Gold coin stash from time of Henry VIII found in English garden

A newfound stash of 63 gold and one silver coin dates from the time of Edward IV to Henry VIII.
(Image: © © The Trustees of the British Museum)

A family in England was weeding their garden when they unearthed a valuable treasure — a buried hoard of gold coins dating back to the 1400s, depicting English monarchs from Edward IV to Henry VIII.

The hoard — a stash of 63 gold coins and one silver coin — contains money minted over a period of nearly 100 years, from the late 15th to the 16th centuries. Four of the coins feature Henry VIII and, curiously, one of the initials of three of his wives: Catherine of Aragon, Anne Boleyn and Jane Seymour.

Upon finding the cache, the family, in the New Forest district of Hampshire, a county in southeastern England, notified the British Museum, which runs the Portable Antiquities Scheme (PAS). This program partners with local people who find historical artifacts in the United Kingdom, so the findings can be documented and studied, the British Museum said in a statement Thursday (Dec. 10).

The coins were likely buried in about 1540, while King Henry VIII was still alive, but it’s unknown whether this burial spot was like a piggy bank, where someone regularly deposited coins, or whether the hoard was buried all at once, according to the British Museum. Whoever saved the coins, however, was a person of means: The collection was worth about £24 at the time, the equivalent of $18,600 (£14,000) today, Barrie Cook, a curator of medieval and early modern coins at the British Museum, told The Guardian. That’s much more than the average annual wage during Tudor times.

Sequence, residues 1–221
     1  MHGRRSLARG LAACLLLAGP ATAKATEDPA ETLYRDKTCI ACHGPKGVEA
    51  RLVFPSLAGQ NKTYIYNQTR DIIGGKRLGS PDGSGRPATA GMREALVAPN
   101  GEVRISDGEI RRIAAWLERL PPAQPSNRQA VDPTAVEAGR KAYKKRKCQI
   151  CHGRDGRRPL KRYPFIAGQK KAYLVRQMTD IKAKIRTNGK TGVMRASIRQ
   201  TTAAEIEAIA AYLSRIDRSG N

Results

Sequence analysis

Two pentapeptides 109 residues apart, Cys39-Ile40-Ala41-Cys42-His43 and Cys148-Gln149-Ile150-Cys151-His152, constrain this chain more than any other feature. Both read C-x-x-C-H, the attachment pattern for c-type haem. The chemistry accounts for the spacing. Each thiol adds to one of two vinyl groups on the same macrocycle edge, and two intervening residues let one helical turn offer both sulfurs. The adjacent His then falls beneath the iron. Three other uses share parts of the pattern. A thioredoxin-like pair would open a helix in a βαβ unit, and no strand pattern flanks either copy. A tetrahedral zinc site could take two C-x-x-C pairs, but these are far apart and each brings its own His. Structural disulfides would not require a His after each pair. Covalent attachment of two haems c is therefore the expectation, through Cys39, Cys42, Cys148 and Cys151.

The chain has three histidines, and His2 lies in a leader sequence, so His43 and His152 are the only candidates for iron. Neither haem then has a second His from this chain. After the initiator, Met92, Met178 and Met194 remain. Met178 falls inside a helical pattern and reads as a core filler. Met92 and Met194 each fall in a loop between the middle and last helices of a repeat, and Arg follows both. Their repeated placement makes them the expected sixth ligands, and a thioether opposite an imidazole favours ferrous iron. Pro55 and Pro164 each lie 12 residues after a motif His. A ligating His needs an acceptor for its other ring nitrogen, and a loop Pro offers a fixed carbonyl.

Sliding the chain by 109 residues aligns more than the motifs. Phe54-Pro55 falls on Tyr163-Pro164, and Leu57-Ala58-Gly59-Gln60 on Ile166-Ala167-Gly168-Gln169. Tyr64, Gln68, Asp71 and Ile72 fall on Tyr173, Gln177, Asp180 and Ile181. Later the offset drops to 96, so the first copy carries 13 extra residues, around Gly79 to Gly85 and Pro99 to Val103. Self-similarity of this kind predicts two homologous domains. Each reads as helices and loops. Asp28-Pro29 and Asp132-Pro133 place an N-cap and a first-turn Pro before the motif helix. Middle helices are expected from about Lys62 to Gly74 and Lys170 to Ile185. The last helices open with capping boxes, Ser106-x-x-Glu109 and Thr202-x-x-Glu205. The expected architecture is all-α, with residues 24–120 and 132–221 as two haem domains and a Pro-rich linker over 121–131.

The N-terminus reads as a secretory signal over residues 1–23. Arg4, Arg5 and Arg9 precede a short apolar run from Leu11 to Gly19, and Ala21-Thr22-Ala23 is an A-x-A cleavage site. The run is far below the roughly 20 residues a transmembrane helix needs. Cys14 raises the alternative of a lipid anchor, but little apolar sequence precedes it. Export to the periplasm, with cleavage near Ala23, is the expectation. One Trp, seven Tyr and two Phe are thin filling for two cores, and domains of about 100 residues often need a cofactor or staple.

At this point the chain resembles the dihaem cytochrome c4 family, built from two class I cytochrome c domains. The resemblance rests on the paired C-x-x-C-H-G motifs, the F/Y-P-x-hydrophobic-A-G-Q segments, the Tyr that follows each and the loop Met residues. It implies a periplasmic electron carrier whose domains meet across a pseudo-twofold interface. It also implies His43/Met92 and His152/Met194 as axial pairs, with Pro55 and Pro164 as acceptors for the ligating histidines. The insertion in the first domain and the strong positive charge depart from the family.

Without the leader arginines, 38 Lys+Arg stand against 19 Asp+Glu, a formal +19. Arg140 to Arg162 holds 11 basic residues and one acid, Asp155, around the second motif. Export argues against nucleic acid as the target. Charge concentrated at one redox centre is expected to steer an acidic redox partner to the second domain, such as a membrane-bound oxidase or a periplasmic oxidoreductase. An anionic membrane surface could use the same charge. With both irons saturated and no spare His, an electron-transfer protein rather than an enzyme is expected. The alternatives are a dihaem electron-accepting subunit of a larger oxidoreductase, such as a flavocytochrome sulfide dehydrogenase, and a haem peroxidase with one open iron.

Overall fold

In all likelihood, a wealthy merchant or clergy member buried the hoard, John Naylor, a coin expert from the Ashmolean Museum at the University of Oxford, told The Guardian. “You have this period in the late 1530s and 1540s where you have the Dissolution of the Monasteries, and we do know that some churches did try to hide their wealth, hoping they would be able to keep it in the long-term,” he said.

The newfound coins are “an important hoard,” Naylor added. “You don’t get these big gold hoards very often from this period.”

As for the coins themselves, it’s a mystery why the initials of Henry’s wives were present. In 1526, Henry and Thomas Wolsey, an English archbishop, statesman and cardinal of the Catholic Church, redid the monetary system, changing coins’ weights and beginning new denominations, such as the five-shilling gold coin, The Guardian reported.

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